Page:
“[Malaysia] allowed us leaders of the CNRP to enter their country by guaranteeing our safety and freedom—this is a great victory for the CNRP and for Cambodians as a whole, who are yearning for democracy,” he said, adding that the move “means Malaysia recognizes that the CNRP will bring about democracy in Cambodia.”
“[Saifuddin] spoke with me as an MP, in the name of Malaysians … Whoever struggles in the defense of human rights and democracy, he said, will be provided with moral support and solidarity in the name of democracy.”
Sam Rainsy said that his travel to Malaysia represents “only the beginning of my return,” and said he hopes to make further progress in his plan “by the end of the year.”
The meeting between Sam Rainsy and Saifuddin came as Malaysian lawmaker Nurul Izzah Anwar, who is the daughter of Malaysian opposition People’s Justice Party (PKR) leader Anwar bin Ibrahim, confirmed that she had invited the CNRP chief to Malaysia’s parliament on Tuesday.
The PKR had yet to comment on the authenticity of a letter dated Nov. 9 and posted to Twitter by a CNRP activist, in which Nurul Izzah purportedly asked Sam Rainsy and other senior CNRP leaders to the legislature to discuss “the way forward in pursuing the best socio-developmental pathways for both Malaysia and Cambodia.”
Sam Rainsy declined to discuss the agenda of Tuesday’s meeting, but called the invitation “crucial” and “a demonstration that representatives of the Malaysian people value the leaders of the CNRP.”
Sam Rainsy also called the easing of restrictions on Kem Sokha “a trick” by Hun Sen to “cheat the European Union into believing that [he] is released.”
“What can he do without being involved in politics,” he asked. “It is not sufficient.”
But Sam Rainsy said that even if Kem Sokha was freed, Cambodia’s problems cannot be solved by addressing individual cases.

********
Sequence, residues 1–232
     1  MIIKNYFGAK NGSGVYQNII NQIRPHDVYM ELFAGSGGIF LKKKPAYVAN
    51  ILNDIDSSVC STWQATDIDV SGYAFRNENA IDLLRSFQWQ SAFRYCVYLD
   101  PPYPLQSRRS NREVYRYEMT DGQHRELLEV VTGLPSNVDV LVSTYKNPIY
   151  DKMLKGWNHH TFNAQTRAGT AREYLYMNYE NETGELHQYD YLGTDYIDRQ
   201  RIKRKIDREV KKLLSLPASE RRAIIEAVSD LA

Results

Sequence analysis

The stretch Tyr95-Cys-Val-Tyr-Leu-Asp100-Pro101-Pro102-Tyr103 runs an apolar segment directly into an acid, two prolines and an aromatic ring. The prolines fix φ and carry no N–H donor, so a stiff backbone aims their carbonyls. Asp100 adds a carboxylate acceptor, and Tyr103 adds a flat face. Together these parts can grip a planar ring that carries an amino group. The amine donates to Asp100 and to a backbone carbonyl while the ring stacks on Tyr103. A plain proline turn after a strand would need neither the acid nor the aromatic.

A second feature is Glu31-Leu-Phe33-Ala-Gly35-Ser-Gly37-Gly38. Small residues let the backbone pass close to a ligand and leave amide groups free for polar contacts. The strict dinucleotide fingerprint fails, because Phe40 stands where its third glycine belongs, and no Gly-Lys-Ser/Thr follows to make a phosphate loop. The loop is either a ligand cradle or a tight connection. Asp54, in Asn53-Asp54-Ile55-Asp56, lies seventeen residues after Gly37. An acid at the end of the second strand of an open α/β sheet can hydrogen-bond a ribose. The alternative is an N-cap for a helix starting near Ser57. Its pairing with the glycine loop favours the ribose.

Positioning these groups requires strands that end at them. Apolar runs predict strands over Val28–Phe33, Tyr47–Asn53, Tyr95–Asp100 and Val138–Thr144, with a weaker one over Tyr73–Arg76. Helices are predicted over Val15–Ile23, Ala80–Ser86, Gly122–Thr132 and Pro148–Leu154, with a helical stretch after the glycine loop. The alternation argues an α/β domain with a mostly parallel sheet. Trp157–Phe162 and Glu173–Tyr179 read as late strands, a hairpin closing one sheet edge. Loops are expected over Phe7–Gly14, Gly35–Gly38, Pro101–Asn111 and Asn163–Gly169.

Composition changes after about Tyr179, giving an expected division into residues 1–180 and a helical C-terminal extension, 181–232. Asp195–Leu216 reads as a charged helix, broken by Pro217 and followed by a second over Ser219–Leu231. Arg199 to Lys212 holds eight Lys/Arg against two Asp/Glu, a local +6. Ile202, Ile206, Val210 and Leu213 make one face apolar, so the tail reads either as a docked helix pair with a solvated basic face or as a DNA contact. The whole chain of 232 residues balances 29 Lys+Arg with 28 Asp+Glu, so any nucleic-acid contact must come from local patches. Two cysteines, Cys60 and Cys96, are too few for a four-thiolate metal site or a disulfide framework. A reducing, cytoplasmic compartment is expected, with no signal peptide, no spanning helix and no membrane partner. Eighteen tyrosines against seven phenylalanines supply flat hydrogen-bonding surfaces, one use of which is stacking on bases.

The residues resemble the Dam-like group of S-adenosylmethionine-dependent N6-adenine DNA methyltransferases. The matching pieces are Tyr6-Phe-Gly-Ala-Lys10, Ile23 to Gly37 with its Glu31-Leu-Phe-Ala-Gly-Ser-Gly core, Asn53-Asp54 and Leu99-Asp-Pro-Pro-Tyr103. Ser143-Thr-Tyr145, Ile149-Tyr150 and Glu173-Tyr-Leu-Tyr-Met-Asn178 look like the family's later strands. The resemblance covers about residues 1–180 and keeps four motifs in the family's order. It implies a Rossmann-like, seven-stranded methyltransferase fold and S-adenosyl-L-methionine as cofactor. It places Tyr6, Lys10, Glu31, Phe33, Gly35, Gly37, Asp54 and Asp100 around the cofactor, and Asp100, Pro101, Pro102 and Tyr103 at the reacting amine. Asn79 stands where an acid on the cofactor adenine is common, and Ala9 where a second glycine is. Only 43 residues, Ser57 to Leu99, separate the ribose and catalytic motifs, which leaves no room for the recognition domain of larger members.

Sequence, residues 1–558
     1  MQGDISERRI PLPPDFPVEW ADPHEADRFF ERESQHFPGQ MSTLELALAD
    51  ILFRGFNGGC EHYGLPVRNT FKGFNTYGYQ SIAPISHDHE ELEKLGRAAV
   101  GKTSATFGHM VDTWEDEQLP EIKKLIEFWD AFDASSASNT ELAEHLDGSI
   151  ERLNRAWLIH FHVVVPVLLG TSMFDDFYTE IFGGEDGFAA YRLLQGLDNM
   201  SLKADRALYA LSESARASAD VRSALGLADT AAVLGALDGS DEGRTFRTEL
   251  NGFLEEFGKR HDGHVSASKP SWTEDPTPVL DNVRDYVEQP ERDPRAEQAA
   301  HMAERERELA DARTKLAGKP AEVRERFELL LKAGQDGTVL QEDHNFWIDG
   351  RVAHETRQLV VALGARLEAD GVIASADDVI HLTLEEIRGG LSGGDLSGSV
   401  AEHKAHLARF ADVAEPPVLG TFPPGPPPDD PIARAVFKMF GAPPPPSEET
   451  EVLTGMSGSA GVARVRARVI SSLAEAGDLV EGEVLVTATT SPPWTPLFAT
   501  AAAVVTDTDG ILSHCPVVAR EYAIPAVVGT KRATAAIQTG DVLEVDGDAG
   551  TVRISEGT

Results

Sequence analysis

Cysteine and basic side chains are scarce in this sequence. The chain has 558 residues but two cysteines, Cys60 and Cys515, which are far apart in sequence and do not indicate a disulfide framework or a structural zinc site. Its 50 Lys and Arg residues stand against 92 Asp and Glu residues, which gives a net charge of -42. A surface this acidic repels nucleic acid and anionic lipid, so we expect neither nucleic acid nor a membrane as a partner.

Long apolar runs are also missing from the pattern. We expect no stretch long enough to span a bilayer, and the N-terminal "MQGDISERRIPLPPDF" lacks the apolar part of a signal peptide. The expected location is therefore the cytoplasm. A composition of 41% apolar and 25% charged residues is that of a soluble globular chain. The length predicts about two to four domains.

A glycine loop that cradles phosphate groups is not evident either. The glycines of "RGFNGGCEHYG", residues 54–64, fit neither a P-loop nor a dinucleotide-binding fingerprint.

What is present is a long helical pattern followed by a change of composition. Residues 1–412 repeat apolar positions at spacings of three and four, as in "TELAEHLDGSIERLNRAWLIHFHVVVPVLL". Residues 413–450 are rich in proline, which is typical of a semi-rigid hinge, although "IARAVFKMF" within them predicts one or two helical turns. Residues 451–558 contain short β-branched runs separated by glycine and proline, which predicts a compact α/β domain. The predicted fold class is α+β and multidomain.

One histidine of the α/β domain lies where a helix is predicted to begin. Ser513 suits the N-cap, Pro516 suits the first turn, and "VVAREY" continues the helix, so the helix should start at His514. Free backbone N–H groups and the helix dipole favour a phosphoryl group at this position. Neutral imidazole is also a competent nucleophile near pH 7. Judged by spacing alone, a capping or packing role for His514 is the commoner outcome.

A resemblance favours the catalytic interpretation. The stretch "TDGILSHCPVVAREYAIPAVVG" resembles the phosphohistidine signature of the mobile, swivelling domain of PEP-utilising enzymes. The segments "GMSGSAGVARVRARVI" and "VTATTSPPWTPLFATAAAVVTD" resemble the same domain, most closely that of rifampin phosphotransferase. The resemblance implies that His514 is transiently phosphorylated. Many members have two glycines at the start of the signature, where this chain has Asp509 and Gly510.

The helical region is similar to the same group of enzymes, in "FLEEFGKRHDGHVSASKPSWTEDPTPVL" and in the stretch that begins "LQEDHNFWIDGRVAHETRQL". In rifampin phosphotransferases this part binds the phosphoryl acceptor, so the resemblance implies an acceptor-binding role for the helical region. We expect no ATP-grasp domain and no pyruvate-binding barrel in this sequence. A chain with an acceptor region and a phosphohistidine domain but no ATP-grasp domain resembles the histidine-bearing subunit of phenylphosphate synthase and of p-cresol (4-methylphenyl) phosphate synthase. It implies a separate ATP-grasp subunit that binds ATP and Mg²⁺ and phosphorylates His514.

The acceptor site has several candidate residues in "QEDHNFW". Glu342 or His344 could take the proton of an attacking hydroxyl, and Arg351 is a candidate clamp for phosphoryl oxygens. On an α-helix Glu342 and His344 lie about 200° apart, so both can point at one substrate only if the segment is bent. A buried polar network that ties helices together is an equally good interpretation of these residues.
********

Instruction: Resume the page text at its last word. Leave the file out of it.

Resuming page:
“We are talking about Cambodia’s political crisis that must be resolved for all Cambodians, by restoring their rights and freedoms, not just Kem Sokha or Sam Rainsy, individually,” he said.
“Unless principle solutions for freedoms and rights are provided to the Cambodian people as a whole—meaning that there should be genuine democracy, a guarantee of freedom of expression, assembly, freedom of the press and freedom for unionists—the political crisis remains.”
Monday’s exchange between Saifuddin and Sam Rainsy, and the invitation from Nurul Izzah, represents a departure for Malaysia, which only last week detained CNRP deputy president Mu Sochua for around 19 hours on arrival, but eventually allowed her to enter the country after questioning her about her intentions.
On Sunday, Saifuddin had said that Mu Sochua was not detained, but had undergone standard checks following Cambodia’s request for a list of opposition leaders to be deported there, adding that Malaysia had acted “without pressure.”
According to a report by the New Straits Times, Saifuddin had expressed hope that Mu Sochua and other Cambodian members of the opposition would not use Malaysia as a base from which to mobilize their political movement.
Saifuddin’s comments came after Malaysian Prime Minister Mahathir Mohamad on Nov. 7 cited the ASEAN principle of non-interference and said authorities do not want Malaysia to be used as a platform for a political struggle in other nations.
In addition to a crackdown on CNRP supporters inside the country, Hun Sen’s government has also militarized Cambodia’s border provinces and ordered the armed forces to attack any opposition gatherings in connection with Sam Rainsy’s planned return, banned commercial airlines that serve the country from boarding the CNRP chief, and sought the cooperation of neighboring countries by issuing arrest warrants to ensure that the return is prevented.
Last week, Cambodia’s ambassador to Indonesia, Hor Nambora, confronted CNRP deputy president Mu Sochua as she held a press conference at a hotel in Jakarta to explain the CNRP’s plans, calling the opposition’s leaders “fugitives and criminals” because they had been convicted of plotting a coup.
Following the press conference, Cambodia’s embassy issued a statement expressing concern that Indonesia had allowed Mu Sochua to enter the country to “conduct anti-Cambodian activities in Jakarta,” and calling on authorities to arrest her and “deport her to Cambodia immediately in the true spirit of ASEAN.”
Responding to the embassy on Monday, Indonesia’s Ministry of Foreign Affairs said in a statement that “the Indonesian government respects the freedom of expression and democratic principles in the country” but added that it is “committed to adhere to the principle of non-intervention in the domestic affairs of neighboring ASEAN countries.”
Reported by RFA’s Khmer Service. Translated by Sok Ry Sum and Sovannarith Keo. Written in English by Joshua Lipes.